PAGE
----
On 8/21/06, Tom Lane <[EMAIL PROTECTED]> wrote:
Bruce Momjian <[EMAIL PROTECTED]> writes:
> Tom Lane wrote:
>> (I wouldn't do it like this though --- TransactionIdAdvance itself is
>> the place to bump the secondary counter.)

> Agreed.

I reconsidered after trying to do it that way --- although fixing
TransactionIdAdvance itself to maintain a 2-word counter isn't hard,
there are a whole lot of other places that can advance nextXid,
mostly bits like this in WAL recovery:

    /* Make sure nextXid is beyond any XID mentioned in the record */
    max_xid = xid;
    for (i = 0; i < xlrec->nsubxacts; i++)
        if (TransactionIdPrecedes(max_xid, sub_xids[i]))
            max_xid = sub_xids[i];
    if (TransactionIdFollowsOrEquals(max_xid,
        ShmemVariableCache->nextXid = max_xid;

We could hack all these places to know about maintaining an XID-epoch
value, but it's not looking like a simple single-place-to-touch fix :-(

As I was asked to rework the patch, I planned to use
TransactionIdAdvance(ShmemVariableCache), although that would
be conceptually ugly.  Right Thing for this approach would be
to have special struct, but that would touch half the codebase.

That was also the reason I did not want to go that path.

There's still a lot more cruft in the submitted patch than I think
belongs in core, but I'll work on extracting something we can apply.

The only cruft I see is the snapshot on-disk "compression" and maybe
the pg_sync_txid() funtionality.  Dropping the compression would not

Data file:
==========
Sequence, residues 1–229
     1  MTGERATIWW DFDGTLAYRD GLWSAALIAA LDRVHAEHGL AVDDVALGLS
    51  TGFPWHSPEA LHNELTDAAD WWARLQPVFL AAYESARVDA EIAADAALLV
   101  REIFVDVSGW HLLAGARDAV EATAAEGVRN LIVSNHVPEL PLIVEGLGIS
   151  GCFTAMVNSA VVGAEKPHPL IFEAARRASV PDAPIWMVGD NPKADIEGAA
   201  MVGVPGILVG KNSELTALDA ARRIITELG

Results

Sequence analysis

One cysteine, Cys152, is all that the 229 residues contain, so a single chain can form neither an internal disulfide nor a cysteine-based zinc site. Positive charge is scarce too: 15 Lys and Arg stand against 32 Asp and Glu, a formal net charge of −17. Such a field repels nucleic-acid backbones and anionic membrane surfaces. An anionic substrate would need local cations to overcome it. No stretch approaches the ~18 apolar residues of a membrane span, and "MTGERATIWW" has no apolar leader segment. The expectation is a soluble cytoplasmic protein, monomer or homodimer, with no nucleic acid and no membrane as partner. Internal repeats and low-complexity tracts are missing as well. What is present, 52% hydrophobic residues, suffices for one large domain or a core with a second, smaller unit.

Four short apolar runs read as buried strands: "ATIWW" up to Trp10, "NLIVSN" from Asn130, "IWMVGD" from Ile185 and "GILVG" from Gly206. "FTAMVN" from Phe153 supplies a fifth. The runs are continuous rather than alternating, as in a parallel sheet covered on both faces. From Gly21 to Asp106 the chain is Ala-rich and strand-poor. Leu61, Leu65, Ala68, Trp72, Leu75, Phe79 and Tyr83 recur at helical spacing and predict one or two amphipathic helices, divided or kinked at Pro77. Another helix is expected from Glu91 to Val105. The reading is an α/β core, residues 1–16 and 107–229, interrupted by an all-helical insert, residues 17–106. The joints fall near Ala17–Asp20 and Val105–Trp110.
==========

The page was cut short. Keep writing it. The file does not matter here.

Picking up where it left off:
matter much, snapshots would waste space, but at least for our
usage it would not be a problem.  The reast of the functions are all
required for efficient handling.

Dropping the pg_sync_txid() would be loss, because that means that
user cannot just dump and restore the data and just continue where
it left off.  Maybe its not a problem for replication but for generic
queueing it would need delicate juggling when restoring backup.

Although I must admit the pg_sync_txid() is indeed ugly part
of the patch, and it creates new mode for failure - wrapping
epoch.  So I can kind of agree for removing it.

I hope you don't mean that none of the user-level functions belong
to core.  It's not like there is several ways to expose the info.
And it not like there are much more interesting ways for using
the long xid in C level.  Having long xid available in SQL level
means that efficient async replication can be done without any
use of C.

Now that I am back from vacation I can do some coding myself,
if you give hints what needs rework.


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